Oakland Man Asks Woman For Her Number, She Makes A Flier & Reports It To The Cops

The Bay Area is a hotbed of technological innovation, men in Arc’teryx hard-shells and rent that is so laughably, ridiculously high that normal people with normal jobs can’t afford to live there. San Francisco is insanely expensive, as are the surrounding areas. You can’t afford Berkeley or El Cerrito or Albany, and Oakland – dear, sweet, lovely Oakland – is rapidly gentrifying. And it’s in Oakland where, apparently, if you’re not careful, some dude will ask you for your phone number. And, if you’re feeling particularly threatened or confused as to how and what and why, you’ll post a flier in your neighborhood warning everyone about … the dude that tried to holler, but sort of failed.

Here is the full body of the note, emphasis preserved.

Dear Neighbors Of Cleveland Street

On Monday, October 12, around 8:30am, I was approached by a man asking for my phone number……

Look Out For This Man: mid-late 20’s, African American, medium build, around 5’10”, short dreadlocks, wearing saggy jeans and a tan hoodie, both dirtyish, walking a pit bull on a rope.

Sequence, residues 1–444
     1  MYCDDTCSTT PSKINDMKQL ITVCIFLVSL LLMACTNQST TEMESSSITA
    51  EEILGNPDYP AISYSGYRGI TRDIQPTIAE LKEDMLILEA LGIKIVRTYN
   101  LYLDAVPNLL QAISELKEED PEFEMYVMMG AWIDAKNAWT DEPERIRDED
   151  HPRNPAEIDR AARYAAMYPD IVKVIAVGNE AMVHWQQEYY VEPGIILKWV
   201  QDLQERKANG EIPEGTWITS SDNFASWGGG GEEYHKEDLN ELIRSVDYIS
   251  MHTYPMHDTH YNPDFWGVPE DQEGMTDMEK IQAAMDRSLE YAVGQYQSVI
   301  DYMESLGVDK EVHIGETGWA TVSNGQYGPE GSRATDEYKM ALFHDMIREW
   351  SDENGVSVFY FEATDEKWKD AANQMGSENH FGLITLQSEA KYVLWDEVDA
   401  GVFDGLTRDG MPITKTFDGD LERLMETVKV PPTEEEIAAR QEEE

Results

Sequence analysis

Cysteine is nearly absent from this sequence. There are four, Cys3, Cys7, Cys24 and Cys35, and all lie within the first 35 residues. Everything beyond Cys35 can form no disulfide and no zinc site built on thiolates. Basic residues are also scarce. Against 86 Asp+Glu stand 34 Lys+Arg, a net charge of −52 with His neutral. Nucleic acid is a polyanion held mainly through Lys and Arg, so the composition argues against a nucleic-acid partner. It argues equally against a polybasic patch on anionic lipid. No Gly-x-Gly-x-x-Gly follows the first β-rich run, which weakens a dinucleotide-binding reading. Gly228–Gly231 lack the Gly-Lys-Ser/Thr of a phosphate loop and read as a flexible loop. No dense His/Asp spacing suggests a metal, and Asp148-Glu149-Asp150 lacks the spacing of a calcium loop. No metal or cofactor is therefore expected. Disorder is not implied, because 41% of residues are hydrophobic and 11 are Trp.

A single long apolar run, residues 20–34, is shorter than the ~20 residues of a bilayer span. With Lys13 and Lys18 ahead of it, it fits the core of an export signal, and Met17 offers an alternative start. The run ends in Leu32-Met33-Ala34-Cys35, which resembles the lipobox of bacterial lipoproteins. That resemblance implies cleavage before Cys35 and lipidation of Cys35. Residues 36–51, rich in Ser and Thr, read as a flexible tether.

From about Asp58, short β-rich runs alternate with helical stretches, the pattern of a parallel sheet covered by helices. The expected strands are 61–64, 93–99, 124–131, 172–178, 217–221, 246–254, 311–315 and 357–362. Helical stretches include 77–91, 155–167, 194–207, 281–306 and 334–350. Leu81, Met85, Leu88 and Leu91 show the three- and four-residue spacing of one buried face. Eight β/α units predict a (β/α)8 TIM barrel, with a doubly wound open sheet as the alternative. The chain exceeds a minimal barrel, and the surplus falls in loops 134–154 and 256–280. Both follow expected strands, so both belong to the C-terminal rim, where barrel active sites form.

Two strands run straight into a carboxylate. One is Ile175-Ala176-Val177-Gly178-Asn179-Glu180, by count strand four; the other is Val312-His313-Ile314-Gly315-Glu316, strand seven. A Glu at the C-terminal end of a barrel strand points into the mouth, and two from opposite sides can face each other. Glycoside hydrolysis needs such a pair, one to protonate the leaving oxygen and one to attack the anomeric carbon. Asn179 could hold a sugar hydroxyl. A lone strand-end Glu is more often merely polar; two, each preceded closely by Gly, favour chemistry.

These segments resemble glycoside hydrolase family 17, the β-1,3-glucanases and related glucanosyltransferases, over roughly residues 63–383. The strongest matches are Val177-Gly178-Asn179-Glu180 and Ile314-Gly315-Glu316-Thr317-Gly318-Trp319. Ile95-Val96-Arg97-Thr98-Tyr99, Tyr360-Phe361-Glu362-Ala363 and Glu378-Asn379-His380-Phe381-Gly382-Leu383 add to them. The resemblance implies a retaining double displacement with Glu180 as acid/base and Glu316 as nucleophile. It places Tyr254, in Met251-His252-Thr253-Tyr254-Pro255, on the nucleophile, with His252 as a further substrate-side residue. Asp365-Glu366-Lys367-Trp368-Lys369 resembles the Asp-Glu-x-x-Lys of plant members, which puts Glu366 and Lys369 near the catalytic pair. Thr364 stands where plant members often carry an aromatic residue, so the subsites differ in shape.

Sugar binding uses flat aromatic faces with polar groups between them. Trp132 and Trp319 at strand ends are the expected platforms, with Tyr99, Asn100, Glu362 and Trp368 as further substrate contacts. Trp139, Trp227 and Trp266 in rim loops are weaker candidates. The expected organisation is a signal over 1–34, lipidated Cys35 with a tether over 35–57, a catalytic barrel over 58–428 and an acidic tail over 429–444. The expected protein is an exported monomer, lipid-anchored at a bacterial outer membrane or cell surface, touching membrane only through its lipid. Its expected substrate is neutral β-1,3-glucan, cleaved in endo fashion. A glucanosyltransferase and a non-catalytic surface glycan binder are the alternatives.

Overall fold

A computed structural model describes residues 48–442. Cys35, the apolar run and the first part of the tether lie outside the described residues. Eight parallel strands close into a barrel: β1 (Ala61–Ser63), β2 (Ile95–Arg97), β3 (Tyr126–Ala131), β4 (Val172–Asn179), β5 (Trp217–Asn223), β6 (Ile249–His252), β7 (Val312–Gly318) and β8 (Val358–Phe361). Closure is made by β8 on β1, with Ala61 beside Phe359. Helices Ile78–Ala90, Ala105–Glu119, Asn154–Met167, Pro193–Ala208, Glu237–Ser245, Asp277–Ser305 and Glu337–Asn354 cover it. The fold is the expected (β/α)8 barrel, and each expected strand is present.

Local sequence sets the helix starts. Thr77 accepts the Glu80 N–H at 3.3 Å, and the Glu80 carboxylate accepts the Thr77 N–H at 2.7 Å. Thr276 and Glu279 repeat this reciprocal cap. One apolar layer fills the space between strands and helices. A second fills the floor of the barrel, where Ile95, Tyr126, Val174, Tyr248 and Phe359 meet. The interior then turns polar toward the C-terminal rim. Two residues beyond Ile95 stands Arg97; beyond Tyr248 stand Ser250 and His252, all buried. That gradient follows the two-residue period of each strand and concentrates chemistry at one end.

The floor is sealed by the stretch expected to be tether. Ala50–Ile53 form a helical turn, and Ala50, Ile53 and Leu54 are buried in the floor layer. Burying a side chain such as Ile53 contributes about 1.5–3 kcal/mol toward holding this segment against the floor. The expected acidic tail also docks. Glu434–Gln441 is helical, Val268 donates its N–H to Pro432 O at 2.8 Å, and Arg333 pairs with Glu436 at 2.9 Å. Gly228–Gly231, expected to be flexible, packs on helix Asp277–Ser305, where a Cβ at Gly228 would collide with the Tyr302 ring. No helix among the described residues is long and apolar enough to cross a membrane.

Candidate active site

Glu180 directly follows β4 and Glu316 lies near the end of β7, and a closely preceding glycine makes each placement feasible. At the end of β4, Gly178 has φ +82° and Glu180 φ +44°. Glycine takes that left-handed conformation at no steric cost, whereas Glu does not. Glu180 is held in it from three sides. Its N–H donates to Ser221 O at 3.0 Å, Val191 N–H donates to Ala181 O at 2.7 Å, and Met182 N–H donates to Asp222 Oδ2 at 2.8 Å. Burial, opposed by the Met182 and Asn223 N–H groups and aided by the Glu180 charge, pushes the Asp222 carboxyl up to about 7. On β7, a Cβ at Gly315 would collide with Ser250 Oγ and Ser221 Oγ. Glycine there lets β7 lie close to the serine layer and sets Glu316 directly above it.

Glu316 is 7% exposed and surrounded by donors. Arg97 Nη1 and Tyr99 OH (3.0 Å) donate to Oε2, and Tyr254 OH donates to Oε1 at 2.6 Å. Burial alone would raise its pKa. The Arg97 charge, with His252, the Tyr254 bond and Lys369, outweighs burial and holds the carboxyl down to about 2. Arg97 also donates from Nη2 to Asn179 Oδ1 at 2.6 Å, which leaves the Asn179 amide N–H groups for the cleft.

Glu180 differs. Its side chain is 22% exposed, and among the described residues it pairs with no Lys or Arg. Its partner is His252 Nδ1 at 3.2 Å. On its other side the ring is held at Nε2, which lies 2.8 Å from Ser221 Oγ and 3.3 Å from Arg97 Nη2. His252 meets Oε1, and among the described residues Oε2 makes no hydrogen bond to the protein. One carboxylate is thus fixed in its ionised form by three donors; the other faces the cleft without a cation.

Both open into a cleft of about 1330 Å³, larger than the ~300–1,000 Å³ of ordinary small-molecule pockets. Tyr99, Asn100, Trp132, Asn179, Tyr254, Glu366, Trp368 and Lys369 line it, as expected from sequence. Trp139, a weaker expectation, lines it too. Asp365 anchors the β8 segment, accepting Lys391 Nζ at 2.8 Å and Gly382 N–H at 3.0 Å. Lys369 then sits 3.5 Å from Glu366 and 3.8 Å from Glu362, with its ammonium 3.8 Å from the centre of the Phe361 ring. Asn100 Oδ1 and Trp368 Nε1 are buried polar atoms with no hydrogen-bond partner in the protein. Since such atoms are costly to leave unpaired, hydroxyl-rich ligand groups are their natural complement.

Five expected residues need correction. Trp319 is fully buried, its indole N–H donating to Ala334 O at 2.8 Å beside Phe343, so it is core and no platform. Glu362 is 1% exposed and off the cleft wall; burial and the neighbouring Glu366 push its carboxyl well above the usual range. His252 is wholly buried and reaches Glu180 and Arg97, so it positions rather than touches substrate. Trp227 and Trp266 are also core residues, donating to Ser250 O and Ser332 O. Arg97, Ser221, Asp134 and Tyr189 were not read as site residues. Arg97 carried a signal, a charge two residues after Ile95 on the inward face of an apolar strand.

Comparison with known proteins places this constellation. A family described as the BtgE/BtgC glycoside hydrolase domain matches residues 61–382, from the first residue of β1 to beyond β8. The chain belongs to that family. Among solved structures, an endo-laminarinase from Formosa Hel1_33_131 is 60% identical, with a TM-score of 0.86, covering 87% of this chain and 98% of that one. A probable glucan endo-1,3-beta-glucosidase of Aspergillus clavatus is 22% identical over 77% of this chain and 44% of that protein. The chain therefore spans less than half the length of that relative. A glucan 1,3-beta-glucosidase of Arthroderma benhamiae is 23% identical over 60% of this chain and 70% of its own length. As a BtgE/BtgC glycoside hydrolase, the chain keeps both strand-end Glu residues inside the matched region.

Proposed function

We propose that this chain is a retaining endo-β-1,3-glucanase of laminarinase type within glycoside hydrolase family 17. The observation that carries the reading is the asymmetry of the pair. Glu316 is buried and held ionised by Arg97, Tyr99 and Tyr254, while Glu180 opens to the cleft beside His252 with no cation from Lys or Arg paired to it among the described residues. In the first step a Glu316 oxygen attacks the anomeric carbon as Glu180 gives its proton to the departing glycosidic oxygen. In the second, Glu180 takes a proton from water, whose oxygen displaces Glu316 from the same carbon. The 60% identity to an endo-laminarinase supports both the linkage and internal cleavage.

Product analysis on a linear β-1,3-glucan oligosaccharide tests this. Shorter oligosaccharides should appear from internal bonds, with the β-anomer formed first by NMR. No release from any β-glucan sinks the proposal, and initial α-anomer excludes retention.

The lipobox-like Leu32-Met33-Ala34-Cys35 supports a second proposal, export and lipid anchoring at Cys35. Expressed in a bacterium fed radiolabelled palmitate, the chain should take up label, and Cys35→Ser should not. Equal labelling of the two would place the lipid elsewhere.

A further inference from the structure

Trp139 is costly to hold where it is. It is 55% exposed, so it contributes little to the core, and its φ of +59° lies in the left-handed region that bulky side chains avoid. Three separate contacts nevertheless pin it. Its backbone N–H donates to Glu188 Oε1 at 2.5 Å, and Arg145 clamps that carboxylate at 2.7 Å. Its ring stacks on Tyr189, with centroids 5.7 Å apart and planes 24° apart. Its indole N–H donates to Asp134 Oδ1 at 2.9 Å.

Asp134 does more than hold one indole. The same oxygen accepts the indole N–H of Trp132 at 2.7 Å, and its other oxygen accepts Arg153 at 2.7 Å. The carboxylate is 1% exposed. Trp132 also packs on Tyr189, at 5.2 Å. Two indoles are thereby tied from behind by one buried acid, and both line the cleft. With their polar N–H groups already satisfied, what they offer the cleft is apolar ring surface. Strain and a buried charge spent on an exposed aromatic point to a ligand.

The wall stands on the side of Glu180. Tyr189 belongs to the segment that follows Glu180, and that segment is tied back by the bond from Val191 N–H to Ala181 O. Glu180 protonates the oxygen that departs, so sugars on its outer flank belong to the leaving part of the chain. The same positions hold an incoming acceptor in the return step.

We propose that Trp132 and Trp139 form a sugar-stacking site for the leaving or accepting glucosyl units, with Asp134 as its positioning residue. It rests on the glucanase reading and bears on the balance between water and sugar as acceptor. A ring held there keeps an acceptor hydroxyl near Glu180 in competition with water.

*He was clearly not a resident of our block, crossing back and forth across the street.
*He asked me if I had friends, if he could be my friend, then asked if he could give me his phone numberpresumably to steal my phone.
*As I reached the intersection of Cappell and Cleveland, an older model (possibly late 80’s) Buick/Lincoln type sedan, light tan color, pulled up. I believe they were working together.

I reported this incident to the police and asked for possible surveillance.

BE AWARE!!

I’m not interested in making light of the very serious issue of street harassment, but what this looks like is a woman who was approached by a man who wanted to try to, erm, get to know her better, if you’re picking up what we’re putting down. The logic behind thinking that accepting a man’s phone number makes it easier for him to steal her phone is spotty at best. Street harassment is very real. The way you react to it, however, is up to you. To ignore it, or flip the bird, or turn up the volume on the music coming through your earbuds, and keep on keeping on is one choice; writing a strangely paranoid, racist-adjacent flier and posting it to telephone poles in your new neighborhood is quite another.

[SFist]